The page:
Winning the category last year, the site continues to star as a 24/7 online destination that is fully integrated with the magazine and yet presents a unique and imaginative voice to news in sports. Original content is posted daily, providing visitors to the site breaking news, high quality journalism, photography, scores and stats. And oh yes, let’s not forget the Swimsuit issue.
The site complements and expands the magazine’s content with online exclusives and personality-driven features in decorating, art, antiques, travel, gardening and entertaining. The recipient of several industry awards, the web site has enjoyed an 80 percent increase in page views year over year.
In one year, the site rocketed from 1.9 million unique monthly users to 5.1 million, eyeballing a total of 587 million pages. The secret behind this phenomenal growth was a mix of around-the-clock and accurate celebrity news, the launch of the magazine’s Stylewatch section and enhanced coverage of special events, like the Emmys and Oscars. When the web site asked who is the Sexiest Man Alive out there in cyberland, tens of thousands of women sent in photos of their husbands and boyfriends. But, as you know, George Clooney still won.
Cover of the Year
Winner: Time – July 17, 2006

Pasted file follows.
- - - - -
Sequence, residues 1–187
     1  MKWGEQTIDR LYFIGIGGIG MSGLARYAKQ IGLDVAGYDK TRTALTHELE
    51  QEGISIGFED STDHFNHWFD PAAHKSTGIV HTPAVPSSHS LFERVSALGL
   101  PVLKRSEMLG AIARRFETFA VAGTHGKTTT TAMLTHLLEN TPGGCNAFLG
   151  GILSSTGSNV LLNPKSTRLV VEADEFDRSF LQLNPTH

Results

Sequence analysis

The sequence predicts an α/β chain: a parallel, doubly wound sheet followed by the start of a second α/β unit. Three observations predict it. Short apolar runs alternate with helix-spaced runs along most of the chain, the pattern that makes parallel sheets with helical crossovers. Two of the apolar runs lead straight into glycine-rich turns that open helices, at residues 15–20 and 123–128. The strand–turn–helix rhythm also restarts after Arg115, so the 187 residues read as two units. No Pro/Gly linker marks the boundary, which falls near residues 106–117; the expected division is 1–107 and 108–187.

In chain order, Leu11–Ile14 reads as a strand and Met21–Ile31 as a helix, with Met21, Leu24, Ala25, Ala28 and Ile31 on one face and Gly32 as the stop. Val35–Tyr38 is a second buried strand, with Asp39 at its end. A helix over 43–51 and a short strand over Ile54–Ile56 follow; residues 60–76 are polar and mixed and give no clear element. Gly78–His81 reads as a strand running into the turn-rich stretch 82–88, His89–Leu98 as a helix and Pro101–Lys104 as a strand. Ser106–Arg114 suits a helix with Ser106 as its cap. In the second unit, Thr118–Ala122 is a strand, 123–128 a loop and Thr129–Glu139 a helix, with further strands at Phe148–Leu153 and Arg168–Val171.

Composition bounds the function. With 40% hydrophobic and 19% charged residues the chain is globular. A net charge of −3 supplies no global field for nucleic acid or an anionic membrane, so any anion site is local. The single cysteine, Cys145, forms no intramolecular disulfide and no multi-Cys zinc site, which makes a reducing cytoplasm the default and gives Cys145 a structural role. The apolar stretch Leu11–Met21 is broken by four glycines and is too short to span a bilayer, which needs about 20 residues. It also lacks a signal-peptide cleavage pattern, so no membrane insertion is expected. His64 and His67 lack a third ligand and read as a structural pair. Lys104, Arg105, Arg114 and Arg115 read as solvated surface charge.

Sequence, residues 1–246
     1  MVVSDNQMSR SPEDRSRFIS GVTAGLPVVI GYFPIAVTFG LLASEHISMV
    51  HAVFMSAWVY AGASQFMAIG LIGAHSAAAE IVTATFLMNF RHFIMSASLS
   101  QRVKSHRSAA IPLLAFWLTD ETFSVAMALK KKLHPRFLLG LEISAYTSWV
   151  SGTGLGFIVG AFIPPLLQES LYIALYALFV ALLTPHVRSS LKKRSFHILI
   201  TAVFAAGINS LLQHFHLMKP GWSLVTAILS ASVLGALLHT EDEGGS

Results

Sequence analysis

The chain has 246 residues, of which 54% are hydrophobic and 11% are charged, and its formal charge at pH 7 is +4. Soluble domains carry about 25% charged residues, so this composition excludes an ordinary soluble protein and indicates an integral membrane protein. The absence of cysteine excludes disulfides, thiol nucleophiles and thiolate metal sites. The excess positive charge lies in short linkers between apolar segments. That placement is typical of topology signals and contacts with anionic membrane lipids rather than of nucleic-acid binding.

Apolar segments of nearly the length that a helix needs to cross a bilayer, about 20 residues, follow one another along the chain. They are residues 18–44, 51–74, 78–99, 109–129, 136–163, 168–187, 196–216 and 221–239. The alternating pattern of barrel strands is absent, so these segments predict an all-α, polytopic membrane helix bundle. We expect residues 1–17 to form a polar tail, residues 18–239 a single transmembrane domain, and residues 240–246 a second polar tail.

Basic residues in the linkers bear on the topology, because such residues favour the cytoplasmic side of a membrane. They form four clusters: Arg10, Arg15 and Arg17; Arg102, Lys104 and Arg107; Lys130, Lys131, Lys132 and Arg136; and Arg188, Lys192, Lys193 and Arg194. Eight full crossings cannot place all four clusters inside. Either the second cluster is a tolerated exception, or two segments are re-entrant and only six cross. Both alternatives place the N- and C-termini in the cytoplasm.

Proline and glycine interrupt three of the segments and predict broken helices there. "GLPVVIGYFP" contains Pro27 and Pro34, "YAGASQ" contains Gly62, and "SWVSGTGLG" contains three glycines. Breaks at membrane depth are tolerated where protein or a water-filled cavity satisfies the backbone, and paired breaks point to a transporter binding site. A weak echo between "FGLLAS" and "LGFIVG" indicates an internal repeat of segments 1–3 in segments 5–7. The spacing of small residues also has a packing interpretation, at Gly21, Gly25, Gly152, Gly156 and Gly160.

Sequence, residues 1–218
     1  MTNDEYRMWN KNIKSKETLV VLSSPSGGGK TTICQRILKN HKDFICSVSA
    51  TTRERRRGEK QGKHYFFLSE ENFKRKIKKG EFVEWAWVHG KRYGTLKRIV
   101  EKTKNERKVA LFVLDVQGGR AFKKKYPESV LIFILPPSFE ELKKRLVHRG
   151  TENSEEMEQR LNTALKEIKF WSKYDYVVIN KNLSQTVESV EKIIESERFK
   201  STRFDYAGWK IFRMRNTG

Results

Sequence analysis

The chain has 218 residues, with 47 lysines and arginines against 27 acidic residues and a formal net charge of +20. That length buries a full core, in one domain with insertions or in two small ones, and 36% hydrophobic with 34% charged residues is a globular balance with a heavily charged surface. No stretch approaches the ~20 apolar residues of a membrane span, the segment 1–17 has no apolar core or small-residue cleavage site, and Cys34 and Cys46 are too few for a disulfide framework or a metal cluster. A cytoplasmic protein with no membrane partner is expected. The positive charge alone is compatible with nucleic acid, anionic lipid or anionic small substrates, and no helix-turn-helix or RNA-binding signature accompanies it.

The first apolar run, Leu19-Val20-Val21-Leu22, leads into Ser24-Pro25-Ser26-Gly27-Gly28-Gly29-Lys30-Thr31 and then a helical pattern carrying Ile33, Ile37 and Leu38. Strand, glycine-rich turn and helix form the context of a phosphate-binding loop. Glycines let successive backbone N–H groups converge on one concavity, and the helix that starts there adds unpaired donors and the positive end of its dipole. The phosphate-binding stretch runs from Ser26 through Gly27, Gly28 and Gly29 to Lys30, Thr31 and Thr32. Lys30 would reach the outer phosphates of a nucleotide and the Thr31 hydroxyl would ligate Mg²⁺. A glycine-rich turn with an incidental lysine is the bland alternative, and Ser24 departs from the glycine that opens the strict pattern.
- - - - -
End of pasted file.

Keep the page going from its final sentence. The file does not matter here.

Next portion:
“The End of Cowboy Diplomacy” cover makes its point clearly without ever identifying that little fella under the 100-gallon hat.
Cottage Living – September, 2006
The pictured entrance to a Texas cottage, framed by pear trees, as warm and welcoming as the magazine itself. The cover is modern and different from most shelter titles with their plump sofas, over-decorated rooms and museum-quality art. This cover reflects the magazine’s tagline promise of Comfort, Simplicity and Style.
Life – August 18, 2006
The cover featured the face of the famous German super-model known as “the body,” Heidi Klum. And in black and white, to boot. She was making news at the time – Project Runway was hot, and she was pregnant for the second time in 12 months. The photo session caught her from every angle and distance. But tight on the face, showing both beauty and power, was an inspired choice.
Time Inc. Content Solutions, (formerly custom publishing)- Inaugural issue of Parks